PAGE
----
One of the challenges in adopting CloudFront as your CDN is that it is not a premium service. It lacks many of the features and tools users have come to expect from more sophisticated offerings. But in return it has one compelling advantage: it is cheap.
So for those of you looking to gain the cost benefit of CloudFront and willing to invest a little sweat equity, here are some great lower level data sources you can leverage to fill feature gaps. These include:
- Billing Statement - The Amazon statement provides the basic information on charges, including usage dates, quantity, description and cost. This is available through the Billing & Cost Management section of the console, and also can be configured to automatically be delivered in an S3 bucket.
- Usage Reports - These reports provides detailed usage information on CloudFront on an hourly, daily or monthly basis.
- Usage Charts - Amazon makes available some basic usage charts, that can be configured to show information such as number of requests and data transferred on an hourly or daily basis.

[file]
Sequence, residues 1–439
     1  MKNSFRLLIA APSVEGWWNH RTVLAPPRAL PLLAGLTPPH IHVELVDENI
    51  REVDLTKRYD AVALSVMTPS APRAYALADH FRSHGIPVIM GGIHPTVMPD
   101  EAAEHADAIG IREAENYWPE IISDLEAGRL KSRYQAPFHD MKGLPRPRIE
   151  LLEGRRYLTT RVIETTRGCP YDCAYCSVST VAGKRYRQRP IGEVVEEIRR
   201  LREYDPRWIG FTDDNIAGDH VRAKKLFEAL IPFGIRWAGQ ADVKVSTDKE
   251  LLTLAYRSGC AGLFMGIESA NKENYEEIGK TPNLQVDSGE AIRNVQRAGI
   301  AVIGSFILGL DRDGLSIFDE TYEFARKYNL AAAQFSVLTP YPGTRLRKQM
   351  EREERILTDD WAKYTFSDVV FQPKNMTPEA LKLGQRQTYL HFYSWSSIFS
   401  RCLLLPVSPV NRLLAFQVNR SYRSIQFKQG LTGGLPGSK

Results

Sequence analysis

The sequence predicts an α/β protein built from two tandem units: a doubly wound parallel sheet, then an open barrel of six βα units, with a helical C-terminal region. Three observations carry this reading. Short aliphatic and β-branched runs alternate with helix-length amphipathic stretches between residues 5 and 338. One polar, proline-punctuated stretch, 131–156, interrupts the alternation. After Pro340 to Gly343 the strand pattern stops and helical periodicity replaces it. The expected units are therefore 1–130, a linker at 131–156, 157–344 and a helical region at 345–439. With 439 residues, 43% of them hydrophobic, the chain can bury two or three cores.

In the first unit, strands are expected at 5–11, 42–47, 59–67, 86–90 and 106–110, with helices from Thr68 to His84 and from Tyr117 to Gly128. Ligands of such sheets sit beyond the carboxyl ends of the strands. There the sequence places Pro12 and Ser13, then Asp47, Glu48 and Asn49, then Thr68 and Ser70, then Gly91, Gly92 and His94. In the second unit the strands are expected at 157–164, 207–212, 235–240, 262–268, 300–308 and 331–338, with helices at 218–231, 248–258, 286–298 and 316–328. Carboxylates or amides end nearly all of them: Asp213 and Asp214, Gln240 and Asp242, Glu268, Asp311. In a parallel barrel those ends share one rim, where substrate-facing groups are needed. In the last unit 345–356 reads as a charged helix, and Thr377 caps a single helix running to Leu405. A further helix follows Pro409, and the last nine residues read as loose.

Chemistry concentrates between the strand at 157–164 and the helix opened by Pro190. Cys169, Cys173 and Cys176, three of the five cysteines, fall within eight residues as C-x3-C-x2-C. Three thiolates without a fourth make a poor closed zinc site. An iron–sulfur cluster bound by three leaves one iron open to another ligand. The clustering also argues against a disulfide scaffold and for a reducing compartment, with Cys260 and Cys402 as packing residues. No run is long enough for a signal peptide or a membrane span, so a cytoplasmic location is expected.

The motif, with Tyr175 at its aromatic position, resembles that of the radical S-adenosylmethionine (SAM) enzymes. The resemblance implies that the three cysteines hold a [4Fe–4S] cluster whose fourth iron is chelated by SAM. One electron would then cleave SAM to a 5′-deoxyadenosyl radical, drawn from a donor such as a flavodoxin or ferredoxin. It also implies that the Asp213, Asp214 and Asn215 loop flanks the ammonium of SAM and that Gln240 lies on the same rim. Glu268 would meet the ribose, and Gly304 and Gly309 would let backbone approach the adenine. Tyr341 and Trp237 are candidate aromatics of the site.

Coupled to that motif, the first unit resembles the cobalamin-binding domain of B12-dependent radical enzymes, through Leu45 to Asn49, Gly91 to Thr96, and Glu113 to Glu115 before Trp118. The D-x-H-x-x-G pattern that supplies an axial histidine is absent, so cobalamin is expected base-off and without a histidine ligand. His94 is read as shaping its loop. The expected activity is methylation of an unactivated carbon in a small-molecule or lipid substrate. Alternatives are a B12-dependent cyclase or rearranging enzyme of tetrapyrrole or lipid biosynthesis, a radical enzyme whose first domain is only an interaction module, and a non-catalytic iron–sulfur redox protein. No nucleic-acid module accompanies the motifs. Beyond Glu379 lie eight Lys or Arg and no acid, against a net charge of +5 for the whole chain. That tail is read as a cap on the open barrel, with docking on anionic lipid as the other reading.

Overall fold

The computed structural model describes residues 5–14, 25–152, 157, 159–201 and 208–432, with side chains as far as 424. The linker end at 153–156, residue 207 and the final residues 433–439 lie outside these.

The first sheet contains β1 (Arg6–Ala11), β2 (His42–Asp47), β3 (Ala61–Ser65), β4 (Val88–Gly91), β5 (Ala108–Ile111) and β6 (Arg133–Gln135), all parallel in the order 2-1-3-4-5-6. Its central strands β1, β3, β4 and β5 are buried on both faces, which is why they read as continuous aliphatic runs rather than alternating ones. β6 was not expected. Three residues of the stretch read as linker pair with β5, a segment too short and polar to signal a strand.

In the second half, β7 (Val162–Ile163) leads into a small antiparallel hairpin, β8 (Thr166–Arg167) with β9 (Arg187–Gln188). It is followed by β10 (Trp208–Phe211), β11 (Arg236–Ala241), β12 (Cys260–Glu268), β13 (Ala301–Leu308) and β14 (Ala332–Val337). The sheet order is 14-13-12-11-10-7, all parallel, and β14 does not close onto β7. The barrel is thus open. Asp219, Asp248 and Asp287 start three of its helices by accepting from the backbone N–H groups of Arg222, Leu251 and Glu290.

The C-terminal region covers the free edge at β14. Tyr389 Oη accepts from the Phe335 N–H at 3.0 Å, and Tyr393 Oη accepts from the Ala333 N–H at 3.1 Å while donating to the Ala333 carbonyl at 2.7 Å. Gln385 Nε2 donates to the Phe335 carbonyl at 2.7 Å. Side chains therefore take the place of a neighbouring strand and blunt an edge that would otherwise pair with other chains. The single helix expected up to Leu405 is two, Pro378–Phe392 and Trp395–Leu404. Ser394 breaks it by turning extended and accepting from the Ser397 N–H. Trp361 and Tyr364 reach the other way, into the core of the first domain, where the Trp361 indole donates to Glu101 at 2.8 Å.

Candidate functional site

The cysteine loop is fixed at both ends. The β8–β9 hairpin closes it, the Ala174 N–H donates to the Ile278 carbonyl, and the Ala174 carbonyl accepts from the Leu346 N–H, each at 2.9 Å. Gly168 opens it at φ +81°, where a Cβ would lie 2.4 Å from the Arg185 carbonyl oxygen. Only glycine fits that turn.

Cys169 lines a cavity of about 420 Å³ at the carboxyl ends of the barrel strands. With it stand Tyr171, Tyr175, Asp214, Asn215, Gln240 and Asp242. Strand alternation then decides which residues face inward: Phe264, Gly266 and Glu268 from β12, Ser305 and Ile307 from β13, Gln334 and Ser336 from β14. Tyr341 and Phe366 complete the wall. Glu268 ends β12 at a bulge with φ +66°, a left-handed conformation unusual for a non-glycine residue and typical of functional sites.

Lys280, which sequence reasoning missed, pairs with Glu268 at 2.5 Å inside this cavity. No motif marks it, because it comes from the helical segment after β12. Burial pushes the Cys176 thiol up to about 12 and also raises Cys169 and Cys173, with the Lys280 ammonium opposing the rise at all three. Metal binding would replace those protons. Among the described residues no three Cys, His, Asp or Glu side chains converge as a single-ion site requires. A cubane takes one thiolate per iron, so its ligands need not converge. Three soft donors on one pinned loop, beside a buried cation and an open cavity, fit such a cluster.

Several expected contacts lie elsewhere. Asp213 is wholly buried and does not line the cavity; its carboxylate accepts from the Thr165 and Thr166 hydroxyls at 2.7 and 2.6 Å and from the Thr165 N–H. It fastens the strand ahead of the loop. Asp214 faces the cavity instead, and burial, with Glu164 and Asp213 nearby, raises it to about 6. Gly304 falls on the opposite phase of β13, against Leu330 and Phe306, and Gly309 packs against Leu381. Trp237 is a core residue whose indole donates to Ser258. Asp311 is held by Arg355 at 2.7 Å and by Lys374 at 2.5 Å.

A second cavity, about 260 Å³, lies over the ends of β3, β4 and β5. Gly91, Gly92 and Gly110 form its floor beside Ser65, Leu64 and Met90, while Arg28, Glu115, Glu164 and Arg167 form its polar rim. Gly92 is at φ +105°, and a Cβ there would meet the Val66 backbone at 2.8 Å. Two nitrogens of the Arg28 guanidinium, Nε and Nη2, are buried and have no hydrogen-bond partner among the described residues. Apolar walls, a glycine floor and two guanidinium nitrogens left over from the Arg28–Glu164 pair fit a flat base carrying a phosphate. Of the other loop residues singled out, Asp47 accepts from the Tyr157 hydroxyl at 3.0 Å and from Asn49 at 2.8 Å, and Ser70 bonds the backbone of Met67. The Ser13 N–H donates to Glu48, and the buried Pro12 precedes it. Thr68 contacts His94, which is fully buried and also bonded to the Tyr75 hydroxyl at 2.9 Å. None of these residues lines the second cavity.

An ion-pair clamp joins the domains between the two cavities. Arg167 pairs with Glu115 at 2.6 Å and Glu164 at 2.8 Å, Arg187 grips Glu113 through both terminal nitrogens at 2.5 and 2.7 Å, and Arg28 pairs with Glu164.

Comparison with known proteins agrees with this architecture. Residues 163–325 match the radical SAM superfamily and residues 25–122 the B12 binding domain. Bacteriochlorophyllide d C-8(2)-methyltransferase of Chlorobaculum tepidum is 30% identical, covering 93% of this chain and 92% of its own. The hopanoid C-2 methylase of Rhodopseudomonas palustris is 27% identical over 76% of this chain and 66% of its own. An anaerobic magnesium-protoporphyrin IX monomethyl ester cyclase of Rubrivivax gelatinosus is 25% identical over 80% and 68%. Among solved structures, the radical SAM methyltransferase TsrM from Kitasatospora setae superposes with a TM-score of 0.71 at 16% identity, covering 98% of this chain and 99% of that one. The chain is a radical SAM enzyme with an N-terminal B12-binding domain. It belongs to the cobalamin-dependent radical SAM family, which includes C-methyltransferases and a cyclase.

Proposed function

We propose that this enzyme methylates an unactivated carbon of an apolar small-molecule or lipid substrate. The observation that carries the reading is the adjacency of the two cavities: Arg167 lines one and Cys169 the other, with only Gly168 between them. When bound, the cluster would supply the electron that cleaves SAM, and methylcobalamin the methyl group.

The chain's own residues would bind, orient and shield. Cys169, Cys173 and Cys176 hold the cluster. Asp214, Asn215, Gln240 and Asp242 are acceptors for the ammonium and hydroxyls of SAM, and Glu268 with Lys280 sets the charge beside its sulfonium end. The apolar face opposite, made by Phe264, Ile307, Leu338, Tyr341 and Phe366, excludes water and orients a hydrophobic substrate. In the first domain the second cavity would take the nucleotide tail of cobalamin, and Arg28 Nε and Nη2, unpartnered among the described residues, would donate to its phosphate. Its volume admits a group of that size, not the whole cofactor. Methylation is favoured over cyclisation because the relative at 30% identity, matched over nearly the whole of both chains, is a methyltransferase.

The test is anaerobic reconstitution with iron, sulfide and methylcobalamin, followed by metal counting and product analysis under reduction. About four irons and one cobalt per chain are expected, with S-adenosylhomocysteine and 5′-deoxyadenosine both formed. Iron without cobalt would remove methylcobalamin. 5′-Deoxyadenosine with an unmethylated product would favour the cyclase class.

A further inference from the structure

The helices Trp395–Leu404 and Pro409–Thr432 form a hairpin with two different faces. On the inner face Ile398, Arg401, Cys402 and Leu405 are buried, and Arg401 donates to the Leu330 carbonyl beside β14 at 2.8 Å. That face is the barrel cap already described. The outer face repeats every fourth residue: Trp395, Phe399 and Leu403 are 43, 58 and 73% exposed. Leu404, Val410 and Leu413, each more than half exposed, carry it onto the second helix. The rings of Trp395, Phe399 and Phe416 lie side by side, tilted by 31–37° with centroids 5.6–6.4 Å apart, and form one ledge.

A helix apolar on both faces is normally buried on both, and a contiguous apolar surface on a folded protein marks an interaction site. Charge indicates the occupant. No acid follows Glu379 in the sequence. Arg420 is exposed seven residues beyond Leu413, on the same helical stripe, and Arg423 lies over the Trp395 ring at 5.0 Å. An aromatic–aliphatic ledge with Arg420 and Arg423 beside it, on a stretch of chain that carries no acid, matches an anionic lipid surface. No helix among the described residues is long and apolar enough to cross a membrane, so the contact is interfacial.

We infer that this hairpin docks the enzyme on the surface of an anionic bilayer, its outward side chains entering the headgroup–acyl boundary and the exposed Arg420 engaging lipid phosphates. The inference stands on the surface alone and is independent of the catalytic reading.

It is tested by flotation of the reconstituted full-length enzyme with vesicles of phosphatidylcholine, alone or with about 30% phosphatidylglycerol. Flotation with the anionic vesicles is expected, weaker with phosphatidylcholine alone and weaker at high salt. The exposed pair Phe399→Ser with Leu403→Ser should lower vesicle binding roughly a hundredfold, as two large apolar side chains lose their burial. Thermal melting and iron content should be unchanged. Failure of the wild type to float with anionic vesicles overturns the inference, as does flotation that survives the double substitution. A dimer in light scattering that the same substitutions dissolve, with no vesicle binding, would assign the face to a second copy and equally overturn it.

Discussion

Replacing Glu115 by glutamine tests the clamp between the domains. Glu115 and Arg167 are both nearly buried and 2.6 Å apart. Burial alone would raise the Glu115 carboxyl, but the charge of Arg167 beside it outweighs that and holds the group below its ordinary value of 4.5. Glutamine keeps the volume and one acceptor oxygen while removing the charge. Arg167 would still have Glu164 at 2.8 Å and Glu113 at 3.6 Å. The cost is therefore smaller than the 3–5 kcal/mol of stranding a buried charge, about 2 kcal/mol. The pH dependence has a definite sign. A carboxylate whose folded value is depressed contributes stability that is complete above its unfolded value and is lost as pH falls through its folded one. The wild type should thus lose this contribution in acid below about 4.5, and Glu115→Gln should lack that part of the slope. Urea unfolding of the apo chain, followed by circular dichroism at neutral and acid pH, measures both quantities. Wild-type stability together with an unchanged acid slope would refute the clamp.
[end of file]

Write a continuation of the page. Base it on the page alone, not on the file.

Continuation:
- Detailed Billing Record (DBR) - This CSV report that can be configured to update into an S3 bucket provide detailed cost information. For CloudFront it provides all charges, and correlates these charges to specific distributions. This provides an authoritative list of all charges for CloudFront.
- Access Logs - This provides the richest set of data, including information on usage of edge locations, type of traffic, user agent, CNAME, referrer, and so on. I should note though that the access logs are a non-authoritative source, and so you should expect to have some data loss in the logs.
Click on the hyperlinks above for additional detail on the data provided by each source. Hopefully this will get you started on your way to leveraging your new low-cost CDN.